3 Student Name: Date: Everyday Objects with Approximate Diameters Possible Objects to Use Approximate Diameter Possible Objects to Use Approximate Diameter 0.1 inch 0.2 inch Plasma Ball 0.3 inch Hamster Ball 7.5 inches 0.4 inch Crystal Ball 8 inches Marble 0.5 inch Volleyball 0.6 inch Honeydew Melon Tolley Marble 0.75 inch 10 inches Black Grape 0.8 inch 12 inches Gnocchi 1 inch Basketball Golf Ball Beach Ball 20 inches Racketball Ball Bean Bag Chair 4 feet Bouncy Ball 2.5 inches Wrecking Ball 6 feet Tennis Ball Water Walking Ball 6.5 feet Baseball Times Square New Year s Eve Ball Orange Tempietto of San Pietro in Rome 15 feet Bocce Ball 4 inches Large Cannonball Concretion 18 feet 5 inches 40 feet Medium Medicine Ball 6 inches Epcot Geosphere 165 feet 1939 New York World s Fair Perisphere 180 feet 1. If the Sun were to be represented by something with a 40foot diameter, what is the model s scale? Show your work. 13
4 Student Name: Date: 2. With the scale found in question 1, what everyday object would represent the Earth? The remaining seven planets? The Moon? Show your work. Model Scale #1: Planet True Diameter Scale Diameter Everyday Object Diameter Sun 864,327 miles 40 feet Mercury Venus Earth Moon Mars Jupiter Saturn Uranus Neptune 3. What flaws does this particular scale have? Is it possible to create this model in your classroom? Why or why not? If not, how might you alter your scale so you could use things you can represent in the classroom? 14
5 Student Name: Date: Recall from the last class what problems your scale might have had. What might you do differently so that your scale uses objects that you can use in the classroom? Model Scale #2: Planet True Diameter Scale Diameter Everyday Object Diameter Sun Mercury Venus Earth Moon Mars Jupiter Saturn Uranus Neptune 4. How does your new model compare to the first one? Is it smaller or larger in scale? Which aspects of the first model are better than the second? Which aspects of the second are better than the first? 5. Can you create a model that incorporates the best qualities of the first and the best qualities of the second model? Fill in the table on the next page with your new model scale. Compare with your classmates and see if you can find the best possible scale. What qualities should the best scale possess? 15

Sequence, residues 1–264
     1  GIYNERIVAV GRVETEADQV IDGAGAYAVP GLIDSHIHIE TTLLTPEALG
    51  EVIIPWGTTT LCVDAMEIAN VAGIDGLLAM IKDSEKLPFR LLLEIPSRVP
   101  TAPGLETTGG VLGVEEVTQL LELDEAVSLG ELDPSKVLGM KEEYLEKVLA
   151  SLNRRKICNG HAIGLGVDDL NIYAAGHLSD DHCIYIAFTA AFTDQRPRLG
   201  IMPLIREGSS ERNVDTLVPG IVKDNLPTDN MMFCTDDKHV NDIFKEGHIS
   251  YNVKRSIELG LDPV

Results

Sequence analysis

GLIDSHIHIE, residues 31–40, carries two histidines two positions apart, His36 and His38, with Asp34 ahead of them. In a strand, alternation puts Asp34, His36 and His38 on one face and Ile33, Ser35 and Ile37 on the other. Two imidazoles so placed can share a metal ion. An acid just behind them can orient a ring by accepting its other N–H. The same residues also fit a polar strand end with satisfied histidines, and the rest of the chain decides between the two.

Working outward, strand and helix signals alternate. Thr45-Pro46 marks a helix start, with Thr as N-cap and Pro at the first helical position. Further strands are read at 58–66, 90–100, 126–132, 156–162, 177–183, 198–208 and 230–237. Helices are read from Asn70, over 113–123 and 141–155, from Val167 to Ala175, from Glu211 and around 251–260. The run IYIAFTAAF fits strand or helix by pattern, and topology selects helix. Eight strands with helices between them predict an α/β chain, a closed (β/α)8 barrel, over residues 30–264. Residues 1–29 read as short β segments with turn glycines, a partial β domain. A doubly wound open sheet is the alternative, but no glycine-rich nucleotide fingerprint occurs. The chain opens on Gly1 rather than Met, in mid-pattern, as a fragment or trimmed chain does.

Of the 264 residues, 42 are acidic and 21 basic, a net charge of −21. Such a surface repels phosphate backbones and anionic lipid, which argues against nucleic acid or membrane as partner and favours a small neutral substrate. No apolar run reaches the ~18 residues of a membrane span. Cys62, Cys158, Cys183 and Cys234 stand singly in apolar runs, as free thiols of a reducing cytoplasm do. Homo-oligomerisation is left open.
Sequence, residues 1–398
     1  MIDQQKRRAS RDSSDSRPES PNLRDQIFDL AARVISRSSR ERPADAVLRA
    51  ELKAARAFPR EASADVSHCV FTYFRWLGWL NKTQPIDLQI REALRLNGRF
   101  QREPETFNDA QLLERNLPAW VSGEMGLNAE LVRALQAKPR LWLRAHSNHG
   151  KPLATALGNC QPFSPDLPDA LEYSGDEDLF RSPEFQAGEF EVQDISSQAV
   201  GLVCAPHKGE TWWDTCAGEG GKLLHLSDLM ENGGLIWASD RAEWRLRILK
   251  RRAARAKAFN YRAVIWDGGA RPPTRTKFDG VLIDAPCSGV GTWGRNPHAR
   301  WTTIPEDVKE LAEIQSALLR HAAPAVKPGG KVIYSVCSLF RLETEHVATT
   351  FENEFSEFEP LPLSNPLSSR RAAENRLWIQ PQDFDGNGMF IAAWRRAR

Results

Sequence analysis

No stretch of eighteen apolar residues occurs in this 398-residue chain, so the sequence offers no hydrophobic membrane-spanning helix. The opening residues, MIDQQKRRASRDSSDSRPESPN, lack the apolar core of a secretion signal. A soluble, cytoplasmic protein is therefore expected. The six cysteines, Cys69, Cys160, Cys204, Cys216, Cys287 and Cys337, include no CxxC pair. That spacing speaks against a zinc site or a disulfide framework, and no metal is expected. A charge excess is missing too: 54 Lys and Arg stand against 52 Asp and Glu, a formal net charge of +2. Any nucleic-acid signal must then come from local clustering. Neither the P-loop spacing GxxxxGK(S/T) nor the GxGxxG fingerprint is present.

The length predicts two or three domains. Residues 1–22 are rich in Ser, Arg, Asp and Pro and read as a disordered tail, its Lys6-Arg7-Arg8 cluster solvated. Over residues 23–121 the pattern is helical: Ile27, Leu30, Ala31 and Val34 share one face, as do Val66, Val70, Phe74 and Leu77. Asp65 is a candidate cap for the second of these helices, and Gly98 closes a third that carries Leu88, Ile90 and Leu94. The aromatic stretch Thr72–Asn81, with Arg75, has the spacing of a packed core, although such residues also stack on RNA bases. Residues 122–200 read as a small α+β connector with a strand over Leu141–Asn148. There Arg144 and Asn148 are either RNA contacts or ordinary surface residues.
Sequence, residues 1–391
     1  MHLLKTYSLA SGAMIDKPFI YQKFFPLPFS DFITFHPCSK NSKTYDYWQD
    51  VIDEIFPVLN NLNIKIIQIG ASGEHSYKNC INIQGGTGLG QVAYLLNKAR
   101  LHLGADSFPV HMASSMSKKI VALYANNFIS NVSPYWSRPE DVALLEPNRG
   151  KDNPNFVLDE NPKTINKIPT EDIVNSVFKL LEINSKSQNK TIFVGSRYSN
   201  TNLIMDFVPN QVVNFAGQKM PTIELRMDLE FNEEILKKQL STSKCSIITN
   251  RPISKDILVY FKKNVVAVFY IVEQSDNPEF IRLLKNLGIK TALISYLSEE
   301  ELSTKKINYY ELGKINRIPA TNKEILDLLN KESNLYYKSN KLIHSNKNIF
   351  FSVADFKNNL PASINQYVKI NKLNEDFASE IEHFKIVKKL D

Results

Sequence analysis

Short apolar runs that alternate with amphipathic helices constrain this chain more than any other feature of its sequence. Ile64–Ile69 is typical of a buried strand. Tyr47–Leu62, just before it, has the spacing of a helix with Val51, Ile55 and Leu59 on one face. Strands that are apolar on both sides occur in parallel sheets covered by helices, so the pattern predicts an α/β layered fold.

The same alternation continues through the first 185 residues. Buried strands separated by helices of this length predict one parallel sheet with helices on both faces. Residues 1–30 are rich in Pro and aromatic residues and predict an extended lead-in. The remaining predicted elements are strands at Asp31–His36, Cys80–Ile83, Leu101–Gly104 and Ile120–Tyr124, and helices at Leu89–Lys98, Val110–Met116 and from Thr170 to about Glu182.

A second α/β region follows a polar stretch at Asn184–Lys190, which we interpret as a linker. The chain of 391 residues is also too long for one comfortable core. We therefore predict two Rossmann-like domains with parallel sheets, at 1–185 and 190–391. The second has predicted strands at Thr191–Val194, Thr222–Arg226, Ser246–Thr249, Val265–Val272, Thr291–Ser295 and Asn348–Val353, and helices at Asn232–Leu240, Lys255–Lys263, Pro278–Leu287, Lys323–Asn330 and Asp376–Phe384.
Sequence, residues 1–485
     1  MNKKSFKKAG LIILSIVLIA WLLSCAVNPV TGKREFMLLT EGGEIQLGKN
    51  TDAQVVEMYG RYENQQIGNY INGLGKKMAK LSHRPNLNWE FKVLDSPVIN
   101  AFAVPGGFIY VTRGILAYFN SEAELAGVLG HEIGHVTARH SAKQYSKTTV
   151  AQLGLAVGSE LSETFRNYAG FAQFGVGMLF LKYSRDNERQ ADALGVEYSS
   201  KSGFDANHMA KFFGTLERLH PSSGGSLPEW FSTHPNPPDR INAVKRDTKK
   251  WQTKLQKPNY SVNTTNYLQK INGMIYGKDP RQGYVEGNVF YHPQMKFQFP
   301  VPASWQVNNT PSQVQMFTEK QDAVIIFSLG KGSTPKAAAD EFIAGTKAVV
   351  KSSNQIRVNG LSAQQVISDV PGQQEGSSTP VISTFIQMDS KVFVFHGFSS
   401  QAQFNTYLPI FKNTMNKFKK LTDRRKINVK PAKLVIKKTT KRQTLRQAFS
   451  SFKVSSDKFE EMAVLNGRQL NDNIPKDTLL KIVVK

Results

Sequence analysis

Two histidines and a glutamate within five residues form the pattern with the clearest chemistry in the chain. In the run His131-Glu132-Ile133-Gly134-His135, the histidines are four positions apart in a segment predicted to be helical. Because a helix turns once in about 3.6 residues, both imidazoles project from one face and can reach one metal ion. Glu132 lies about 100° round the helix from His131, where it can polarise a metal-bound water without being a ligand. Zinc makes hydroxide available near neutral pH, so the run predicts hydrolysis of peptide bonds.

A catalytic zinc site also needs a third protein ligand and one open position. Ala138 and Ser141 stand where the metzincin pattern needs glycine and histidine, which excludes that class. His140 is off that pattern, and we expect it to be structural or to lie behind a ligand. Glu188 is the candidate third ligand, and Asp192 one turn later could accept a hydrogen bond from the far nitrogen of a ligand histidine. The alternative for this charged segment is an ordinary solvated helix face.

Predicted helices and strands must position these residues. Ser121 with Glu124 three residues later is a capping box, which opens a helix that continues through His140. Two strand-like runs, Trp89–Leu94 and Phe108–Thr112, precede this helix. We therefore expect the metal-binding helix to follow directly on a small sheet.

6 Student Name: Date: Model Scale #3: Planet True Diameter Scale Diameter Everyday Object Diameter Sun Mercury Venus Earth Moon Mars Jupiter Saturn Uranus Neptune Now consider the mean distance of each planet from the Sun (exclude the Moon now). Search for the values of the average distance between the planets and the Sun, and see if you can incorporate this into your model. Is the scale also appropriate for your ideal model chosen in the last question? Model Scale #4: Planet True Mean Distance from the Sun (millions of miles) Scale Mean Distance (miles) Scaled Mean Distance (feet) Scaled Mean Distance (inches) Mercury Venus Earth Mars Jupiter Saturn Uranus Neptune 6. Using this scale, would you be able to see Neptune if you were standing at the Sun? Can you think of a place where you could demonstrate this model? 7. Since the model Earth at Hayden Planetarium is 10 inches in diameter, what is the scale that the designers used? How large are the remaining planets and the Sun? 16